A few days ago, someone told me that MRI was now a mature modality and would soon take a backseat to sexy newcomers like PET/CT. This prediction reminded me of the tale about the US Patent Commissioner who, in 1899, was reputed to have submitted his resignation to President McKinley, claiming that everything had been invented. Chalk this one up as another completely false urban legend. Charles Duell did not offer his resignation and even noted in his 1899 report to McKinley an increase of 3,000 patents over the previous year and 60 times the number of patents issued in 1837.

In a similar vein, reports of MRI’s transition to middle age appear to be, at best, wildly premature. On average, one in nine Americans will get an MRI examination this year. Since 1996, the modality has grown at an average of 15% to 18% per year, depending on your source of statistics, and recent trends may support higher percentages.

But what about the Deficit Reduction Act of 2005 (DRA)? Will that cause a freeze in growth just like that experienced by the market in the early 1990s because of concerns about the Clinton health plan? To the contrary, the effect of the DRA should be an increase in utilization. Diagnostic information is a commodity, and when the cost of an examination is lowered, but information content remains the same (or increases), usage increases. The DRA is projected to reduce MRI reimbursement for federally funded patients by 25% to 40% depending on type of examination. About one third of US health care costs are paid by Medicare and Medicaid, and many private contracts are tied to Medicare rates. Thus, a substantial increase in volume should result from this price reduction at nonhospital sites.

But is there anything new out there for MRI? For those who attended RSNA 2006, the answer is a most unambiguous “yes.” Consider just a few trends.

Take Me Higher

The era of low-field MRI appears to be drawing to a close. The advent of 3T has demonstrated substantially better head and body imaging, which, in turn, has generated even more pressure on scan providers to improve examination quality per time unit. Price reductions at 1.5T now make it economically unattractive to purchase superconducting systems with less than this field strength. It should not come as a surprise that most vendors no longer offer tubular systems lower than 1.5T in the US market. Sales of open-sided units are a pale ghost of the halcyon days in the mid-1990s when these designs represented as much as 50% of the annual market. At the RSNA, it was hard to find any references to Profile (0.2T) or Ovation (0.35T) from GE Healthcare, Waukesha, Wis; Concerto (0.2T) or Magnetom C! (0.35T) from Siemens Medical Solutions, Malvern, Pa; or Panorama 0.23T from Philips Medical Systems, Andover, Mass.

Philips Medical did give substantial booth space and sales emphasis to the Panorama 1T, its current top-of-the-line open-sided MRI. Also supporting this trend, Hitachi Medical Systems America, Twins-burg, Ohio, unveiled a work-in-progress—a high-field, open-sided unit called Oasis. Although there was no disclosure of field strength, images in the booth indicated approximately 1.2T based on the fat-water chemical shift. Similar in design to Philips’ Panorama 1T, Oasis appears to be a superconducting system on its side, with a weight projected to be in the 30,000-pound range.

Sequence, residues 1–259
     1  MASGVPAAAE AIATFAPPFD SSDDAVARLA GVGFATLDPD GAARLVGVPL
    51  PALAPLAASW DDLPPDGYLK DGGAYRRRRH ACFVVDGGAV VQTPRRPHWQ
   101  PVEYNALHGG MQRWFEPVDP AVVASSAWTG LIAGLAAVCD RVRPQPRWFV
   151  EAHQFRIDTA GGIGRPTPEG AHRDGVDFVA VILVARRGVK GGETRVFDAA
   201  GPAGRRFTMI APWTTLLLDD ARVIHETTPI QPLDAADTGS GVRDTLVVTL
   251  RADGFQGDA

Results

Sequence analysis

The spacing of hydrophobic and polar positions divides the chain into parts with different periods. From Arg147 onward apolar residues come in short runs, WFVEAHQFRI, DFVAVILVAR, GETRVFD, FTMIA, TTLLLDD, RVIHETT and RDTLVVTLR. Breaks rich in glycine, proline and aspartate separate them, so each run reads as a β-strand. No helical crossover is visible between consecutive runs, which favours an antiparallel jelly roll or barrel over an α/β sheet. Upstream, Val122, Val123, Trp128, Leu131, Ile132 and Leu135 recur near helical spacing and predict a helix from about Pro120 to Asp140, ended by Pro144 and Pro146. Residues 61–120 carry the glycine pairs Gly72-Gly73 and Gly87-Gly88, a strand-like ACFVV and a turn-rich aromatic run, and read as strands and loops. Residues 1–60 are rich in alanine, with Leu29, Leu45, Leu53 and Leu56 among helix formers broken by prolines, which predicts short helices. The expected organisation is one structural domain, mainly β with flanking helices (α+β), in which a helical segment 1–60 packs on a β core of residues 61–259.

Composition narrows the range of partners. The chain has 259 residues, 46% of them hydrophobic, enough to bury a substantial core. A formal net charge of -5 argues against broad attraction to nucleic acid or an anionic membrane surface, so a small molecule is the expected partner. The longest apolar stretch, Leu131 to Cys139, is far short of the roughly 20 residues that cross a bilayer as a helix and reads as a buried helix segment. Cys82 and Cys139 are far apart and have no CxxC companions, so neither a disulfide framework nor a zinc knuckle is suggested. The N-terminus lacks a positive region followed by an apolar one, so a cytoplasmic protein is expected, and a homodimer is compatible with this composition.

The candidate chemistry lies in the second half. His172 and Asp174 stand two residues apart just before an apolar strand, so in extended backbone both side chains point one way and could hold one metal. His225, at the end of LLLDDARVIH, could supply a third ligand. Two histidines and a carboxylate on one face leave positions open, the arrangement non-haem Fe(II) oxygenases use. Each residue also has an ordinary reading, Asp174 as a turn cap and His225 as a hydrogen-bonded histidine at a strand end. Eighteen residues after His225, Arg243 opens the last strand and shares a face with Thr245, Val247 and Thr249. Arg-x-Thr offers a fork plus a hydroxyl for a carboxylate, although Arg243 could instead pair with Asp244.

Toshiba America Medical Systems, Tustin, Calif, was the latest company to announce a commercial 3T whole-body system, joining GE Healthcare, Philips Medical, and Siemens Medical. Now, approximately 700 whole-body 3T systems are installed in the United State, the large majority of which are in standard clinical practices and not research sites. I am informed that in the United States, 3T has been outselling the entire open-sided market for some time.

Philips Medical made quite a splash announcing a rampable 1.5/3T system. Its Achieva XR offers a variable magnet that can be installed with 1.5T electronics but can be later ramped to 3T if the owner desires. Because the company’s 1.5T and 3T magnets are identical from the outside, such a transition would not require any visible changes to the magnet. Of course, new electronics and coils would have to accompany the change (as of yet undisclosed pricing), but this option could help relieve the decision pressure for some buyers who are undecided between 1.5T and 3T.

Throughput … and Comfort

Many vendors recognize that speed without examination compromise is the key to success. As a method to improve patient throughput, GE Healthcare showed a set of breast imaging coils permanently mounted on its Signa detachable table. It also demonstrated the InSightec focused-ultrasound therapy unit mounted in a detachable table. Such dedicated systems should provide improved efficiency for breast scanning and MRI-guided therapy.

The Total Imaging Matrix (TIM) concept announced by Siemens Medical a few years ago appears to be gaining momentum. More vendors are offering combination coils to allow greater anatomical coverage without patient reposition. Virtually all high-field vendors also offer the ability to increase the number of independent data channels to at least 16. We are approaching the time when patient setup may not vary substantially for a range of examinations. With a blanket of selectable coils above and below the patient and with a large number of data channels, the operator can prepare the patient in a uniform way and then choose the coils that will best match the imaging needs. What a useful tool for increasing throughput.

Reducing patient anxiety through equipment design is proceeding apace. The above-mentioned Philips Medical Panorama 1T and the Hitachi Medical Oasis appear to herald a new stage in higher-performance open systems. These units continue to offer the psychological advantages of open sides without as large a compromise in reduced image quality or longer scan times that are often the consequence of low fields. Equipment price and service costs are, as always, fundamentally linked to financial success.